Processing of nanoemulsions
Laura Lee & Ian Norton, University of Birmingham
The purpose of this work was to compare the production of oil-in-water nanoemulsions using a Microfluidizer and a high pressure valve homogeniser (HPH) for food emulsions. This work systematically compares the variables that control the energy dissipation rate and final droplet size of the emulsion, namely: operating pressure, residence time (passes) in the high turbulence zone, emulsifier type and continuous and dispersed phase viscosities.
At viscosity ratio 50, equivalent to sunflower oil in water, both devices produced droplet sizes of approximately 110 – 130 nm. An increase in viscosity ratio to 100 showed an increase in droplet size for the HPH, however the droplet size in the Microfluidizer was unaffected by viscosity and therefore elongational flow is hypothesised to be present. Decreasing the viscosity ratio from 10 – 0.1 led to an overall decrease in d3,2 for both machines, with no observed minimum.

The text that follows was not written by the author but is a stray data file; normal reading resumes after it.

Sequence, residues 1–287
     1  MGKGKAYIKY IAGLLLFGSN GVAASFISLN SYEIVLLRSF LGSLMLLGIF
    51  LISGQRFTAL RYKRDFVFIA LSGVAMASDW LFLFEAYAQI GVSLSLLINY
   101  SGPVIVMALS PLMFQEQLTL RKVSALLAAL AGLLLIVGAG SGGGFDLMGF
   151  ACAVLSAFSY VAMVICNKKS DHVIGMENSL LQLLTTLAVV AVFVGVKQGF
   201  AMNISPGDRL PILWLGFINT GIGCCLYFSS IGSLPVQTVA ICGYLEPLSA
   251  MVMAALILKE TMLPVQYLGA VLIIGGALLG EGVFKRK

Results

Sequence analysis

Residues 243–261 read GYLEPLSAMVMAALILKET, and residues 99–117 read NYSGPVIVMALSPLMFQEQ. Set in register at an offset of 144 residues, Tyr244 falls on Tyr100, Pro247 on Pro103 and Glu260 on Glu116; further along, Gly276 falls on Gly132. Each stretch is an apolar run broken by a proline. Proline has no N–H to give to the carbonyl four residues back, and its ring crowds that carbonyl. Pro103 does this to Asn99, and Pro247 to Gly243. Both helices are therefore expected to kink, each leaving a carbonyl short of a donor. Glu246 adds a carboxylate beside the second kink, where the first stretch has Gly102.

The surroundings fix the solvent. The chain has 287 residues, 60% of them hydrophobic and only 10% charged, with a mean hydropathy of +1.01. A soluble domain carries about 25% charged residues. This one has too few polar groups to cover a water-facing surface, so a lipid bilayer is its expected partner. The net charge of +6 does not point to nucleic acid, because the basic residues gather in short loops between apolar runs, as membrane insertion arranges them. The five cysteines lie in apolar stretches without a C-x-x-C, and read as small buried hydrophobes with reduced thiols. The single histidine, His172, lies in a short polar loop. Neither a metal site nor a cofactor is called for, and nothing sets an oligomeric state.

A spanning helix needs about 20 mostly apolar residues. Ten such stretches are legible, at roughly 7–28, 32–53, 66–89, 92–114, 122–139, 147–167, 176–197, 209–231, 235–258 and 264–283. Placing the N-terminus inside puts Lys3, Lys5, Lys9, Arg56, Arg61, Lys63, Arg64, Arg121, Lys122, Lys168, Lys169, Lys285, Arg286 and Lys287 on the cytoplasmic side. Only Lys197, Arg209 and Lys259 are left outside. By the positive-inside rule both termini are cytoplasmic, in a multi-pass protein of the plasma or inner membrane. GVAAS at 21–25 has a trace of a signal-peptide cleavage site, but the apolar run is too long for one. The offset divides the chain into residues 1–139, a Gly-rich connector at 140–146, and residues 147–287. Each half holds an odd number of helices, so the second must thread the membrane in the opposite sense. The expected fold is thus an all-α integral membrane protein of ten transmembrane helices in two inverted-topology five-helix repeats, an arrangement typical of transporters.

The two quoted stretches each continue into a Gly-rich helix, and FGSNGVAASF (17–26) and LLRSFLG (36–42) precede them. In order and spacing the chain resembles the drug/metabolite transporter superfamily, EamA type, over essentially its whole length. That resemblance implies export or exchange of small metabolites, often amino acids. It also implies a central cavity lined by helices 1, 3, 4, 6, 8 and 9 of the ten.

Studies on emulsifier type used in the formulation showed that the final droplet size is controlled by the emulsifier used. The anionic emulsifier, SDS, has shown that it can reduce the coalescence in the HPH and this has been explained to be from the electrostatic stabilisation of droplets. Other emulsifiers tested were Tween 20 and sodium caseinate.
This is the first attempt at comparing these two processes and this work provides a better understanding of the nano-emulsion formation in both the HPH and Microfluidizer with emphasis on the droplet break-up mechanisms present.